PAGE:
Robin Lane Fox, The unauthorized version: truth and fiction in the Bible
I'm trying to get my head around ancient history, starting with events described in the Old Testament, but probably mythical. That's to say, the bloody events described mainly in the book of Joshua. In the Hebrew Bible [he's a much more minor figure in the Torah] Joshua became the leader of the Israelites after Moses. Bible chronology isn't entirely reliable, as my quote indicates, but scholars are more or less agreed that he flourished between 1450 and 1370 BCE. That's to say, that's the period in which he's calculated to have lived, had he lived at all.
The Joshua of the Bible is an almost monotonously victorious general. His first victory was over the Amelekites – the first of many slaughterings of a people destined to become the archetypical enemy of the Jews. Next he crossed the Jordan, with Yahweh parting the waters as before at the Red Sea, and was bloodily victorious in battle against Jericho, Ai [after a brief glitch, see Joshua 7: 3-26], Gibeon, Makkedah, Libnah, Lachish, Gezer, Eglon, Hebron, and Debir. Chapter 10 of Joshua ends on a high note:
So Joshua smote all the country of the hills, and of the south, and of the vale, and of the springs, and all their kings: he left none remaining, but utterly destroyed all that breathed, as the LORD God of Israel commanded. And Joshua smote them from Kadeshbarnea even unto Gaza, and all the country of Goshen, even unto Gibeon. And all these kings and their land did Joshua take at one time, because the LORD God of Israel fought for Israel.
To most modern consciences, this is sickening stuff, and the fact that we have not a shred of external evidence that this Yahweh-sanctioned splattering spree ever took place, or that Joshua or Moses ever existed, hardly makes it more palatable. But if we put our feelings aside, what evidence do we have, either from archaeology, or from external records, of these Biblical places and peoples and their histories? For it should always be emphasised that the Bible is by no means a history book, and every supposedly historical statement found therein should be treated with the utmost scepticism.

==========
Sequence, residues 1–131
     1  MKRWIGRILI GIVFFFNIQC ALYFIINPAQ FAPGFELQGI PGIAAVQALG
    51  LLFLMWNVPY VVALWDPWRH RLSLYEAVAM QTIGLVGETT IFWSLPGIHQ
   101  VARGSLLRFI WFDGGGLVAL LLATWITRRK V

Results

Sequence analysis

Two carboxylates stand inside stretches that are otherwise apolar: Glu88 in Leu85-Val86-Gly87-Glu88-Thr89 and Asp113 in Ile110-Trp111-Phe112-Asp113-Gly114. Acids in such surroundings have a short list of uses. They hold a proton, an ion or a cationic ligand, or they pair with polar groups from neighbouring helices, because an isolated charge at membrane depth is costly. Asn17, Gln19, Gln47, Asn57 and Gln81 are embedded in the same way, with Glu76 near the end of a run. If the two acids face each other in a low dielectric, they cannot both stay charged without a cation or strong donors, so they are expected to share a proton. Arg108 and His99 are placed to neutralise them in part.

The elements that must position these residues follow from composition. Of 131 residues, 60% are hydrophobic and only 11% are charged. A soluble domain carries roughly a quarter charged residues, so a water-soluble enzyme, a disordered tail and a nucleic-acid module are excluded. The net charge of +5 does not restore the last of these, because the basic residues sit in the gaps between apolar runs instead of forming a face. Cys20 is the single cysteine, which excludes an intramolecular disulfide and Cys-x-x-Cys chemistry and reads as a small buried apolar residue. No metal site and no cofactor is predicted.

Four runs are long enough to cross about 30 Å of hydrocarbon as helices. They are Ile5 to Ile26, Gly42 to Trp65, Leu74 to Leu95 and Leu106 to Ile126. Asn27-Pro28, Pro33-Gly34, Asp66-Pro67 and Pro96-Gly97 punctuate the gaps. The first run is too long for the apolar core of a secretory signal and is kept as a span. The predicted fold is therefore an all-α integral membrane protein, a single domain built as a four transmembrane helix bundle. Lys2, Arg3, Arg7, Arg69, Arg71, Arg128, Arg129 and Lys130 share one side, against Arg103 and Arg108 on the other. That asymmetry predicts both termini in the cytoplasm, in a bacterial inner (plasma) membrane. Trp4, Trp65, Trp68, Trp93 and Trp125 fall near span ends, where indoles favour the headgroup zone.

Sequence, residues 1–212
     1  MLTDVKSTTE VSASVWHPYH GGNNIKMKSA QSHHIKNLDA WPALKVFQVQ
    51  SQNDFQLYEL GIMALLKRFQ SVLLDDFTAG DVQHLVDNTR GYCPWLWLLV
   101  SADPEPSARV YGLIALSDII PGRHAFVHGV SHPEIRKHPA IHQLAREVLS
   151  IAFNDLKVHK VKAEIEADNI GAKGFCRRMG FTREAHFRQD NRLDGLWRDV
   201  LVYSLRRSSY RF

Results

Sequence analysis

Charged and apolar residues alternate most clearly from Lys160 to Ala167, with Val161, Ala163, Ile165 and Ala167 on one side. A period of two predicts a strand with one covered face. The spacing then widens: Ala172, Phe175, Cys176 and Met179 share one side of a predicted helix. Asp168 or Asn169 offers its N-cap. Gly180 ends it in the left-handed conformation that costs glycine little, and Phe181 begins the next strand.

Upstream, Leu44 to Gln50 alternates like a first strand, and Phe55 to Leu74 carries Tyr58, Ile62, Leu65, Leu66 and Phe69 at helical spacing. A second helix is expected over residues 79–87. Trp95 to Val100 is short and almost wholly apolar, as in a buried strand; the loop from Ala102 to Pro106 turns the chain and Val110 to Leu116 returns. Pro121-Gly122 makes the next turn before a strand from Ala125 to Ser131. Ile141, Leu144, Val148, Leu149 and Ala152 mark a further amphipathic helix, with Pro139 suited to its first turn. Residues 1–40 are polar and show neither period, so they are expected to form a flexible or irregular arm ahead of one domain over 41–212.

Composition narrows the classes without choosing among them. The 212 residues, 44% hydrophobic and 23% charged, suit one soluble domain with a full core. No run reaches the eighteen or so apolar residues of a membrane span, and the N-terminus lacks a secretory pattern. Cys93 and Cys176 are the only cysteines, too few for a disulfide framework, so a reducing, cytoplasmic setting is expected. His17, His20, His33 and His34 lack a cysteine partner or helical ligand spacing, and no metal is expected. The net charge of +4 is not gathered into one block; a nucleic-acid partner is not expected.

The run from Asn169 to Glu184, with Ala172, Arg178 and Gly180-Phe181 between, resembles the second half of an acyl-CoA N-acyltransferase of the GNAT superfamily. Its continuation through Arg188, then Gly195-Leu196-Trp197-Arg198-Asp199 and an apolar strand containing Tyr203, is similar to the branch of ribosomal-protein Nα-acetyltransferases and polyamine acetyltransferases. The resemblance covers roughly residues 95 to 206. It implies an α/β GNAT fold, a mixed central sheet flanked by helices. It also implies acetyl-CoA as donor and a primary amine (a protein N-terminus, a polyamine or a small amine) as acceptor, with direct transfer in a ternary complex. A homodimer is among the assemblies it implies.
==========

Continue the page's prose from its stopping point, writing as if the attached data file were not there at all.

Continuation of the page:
The only extra-Biblical reference I've found regarding the Amalekites so far comes from one Nachmanides, a mystical Jewish scholar of the thirteenth century, whose own gleanings would have come from the sacred texts. This isn't to say that the Amalekites were purely fictional – it's very likely that they were an aboriginal group in southern Canaan or Palestine – but the name should give us pause. The Amalekites are named for Amalek, mentioned in two genealogies [Genesis 36:12 and 1 Chronicles 1:36] as a grandson of Esau, Jacob's brother. Jacob and Esau, though, are as mythical as Adam, so at this point I've reached a dead end so far as the Amalekites are concerned.
We can say more that's extra-biblical about some of the other places I've mentioned. A lot of archaeological work has been done at the site of Jericho, unearthing more than twenty successive settlements going back 11,000 years. The results have proved extremely problematic for the Bible-is-history pundits, because unfortunately the author of Joshua provided details of the battle which are subject to empirical testing